Quasi-16-day period oscillations observed in middle atmospheric ozone and temperature in Antarctica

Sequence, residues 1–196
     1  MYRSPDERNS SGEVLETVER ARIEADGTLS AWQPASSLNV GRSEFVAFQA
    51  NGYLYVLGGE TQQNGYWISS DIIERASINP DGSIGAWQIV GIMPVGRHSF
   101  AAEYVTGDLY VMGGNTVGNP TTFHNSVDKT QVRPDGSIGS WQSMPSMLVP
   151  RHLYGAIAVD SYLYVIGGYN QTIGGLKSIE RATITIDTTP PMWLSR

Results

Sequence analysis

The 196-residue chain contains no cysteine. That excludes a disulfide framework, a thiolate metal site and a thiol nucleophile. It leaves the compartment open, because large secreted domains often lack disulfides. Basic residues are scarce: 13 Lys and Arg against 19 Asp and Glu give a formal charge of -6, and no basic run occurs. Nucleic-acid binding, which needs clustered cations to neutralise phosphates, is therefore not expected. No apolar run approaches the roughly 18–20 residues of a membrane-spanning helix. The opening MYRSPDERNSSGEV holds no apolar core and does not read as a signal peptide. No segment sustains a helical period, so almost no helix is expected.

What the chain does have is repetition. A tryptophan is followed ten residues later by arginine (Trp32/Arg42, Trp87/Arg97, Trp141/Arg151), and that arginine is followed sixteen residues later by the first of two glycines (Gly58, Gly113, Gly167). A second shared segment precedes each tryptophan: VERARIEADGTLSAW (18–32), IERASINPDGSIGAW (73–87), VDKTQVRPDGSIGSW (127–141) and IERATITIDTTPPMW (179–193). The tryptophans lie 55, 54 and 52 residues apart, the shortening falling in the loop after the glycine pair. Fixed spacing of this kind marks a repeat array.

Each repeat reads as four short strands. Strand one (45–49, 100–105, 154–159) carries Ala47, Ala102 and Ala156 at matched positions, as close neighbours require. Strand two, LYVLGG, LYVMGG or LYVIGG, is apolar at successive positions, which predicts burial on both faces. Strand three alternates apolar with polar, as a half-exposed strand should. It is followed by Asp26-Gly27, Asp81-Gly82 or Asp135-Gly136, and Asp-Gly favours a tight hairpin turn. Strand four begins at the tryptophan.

Abstract. Nightly averaged mesospheric temperature derived from the hydroxyl nightglow at Rothera station (67°34' S, 68°08' W) and nightly midnight measurements of ozone mixing ratio obtained from Troll station (72°01' S, 2°32' E) in Antarctica have been used to investigate the presence and vertical profile of the quasi-16-day planetary wave in the stratosphere and mesosphere during the Antarctic winter of 2009. The variations caused by planetary waves on the ozone mixing ratio and temperature are discussed, and spectral and cross-correlation analyses are performed to extract the wave amplitudes and to examine the vertical structure of the wave from 34 to 80 km. The results show that while planetary-wave signatures with periods 3–12 days are strong below the stratopause, the oscillations associated with the 16-day wave are the strongest and present in both the mesosphere and stratosphere. The period of the wave is found to increase below 42 km due to the Doppler shifting by the strong eastward zonal wind. The 16-day oscillation in the temperature is found to be correlated and phase coherent with the corresponding oscillation observed in O3 volume mixing ratio at all levels, and the wave is found to have vertical phase fronts consistent with a normal mode structure.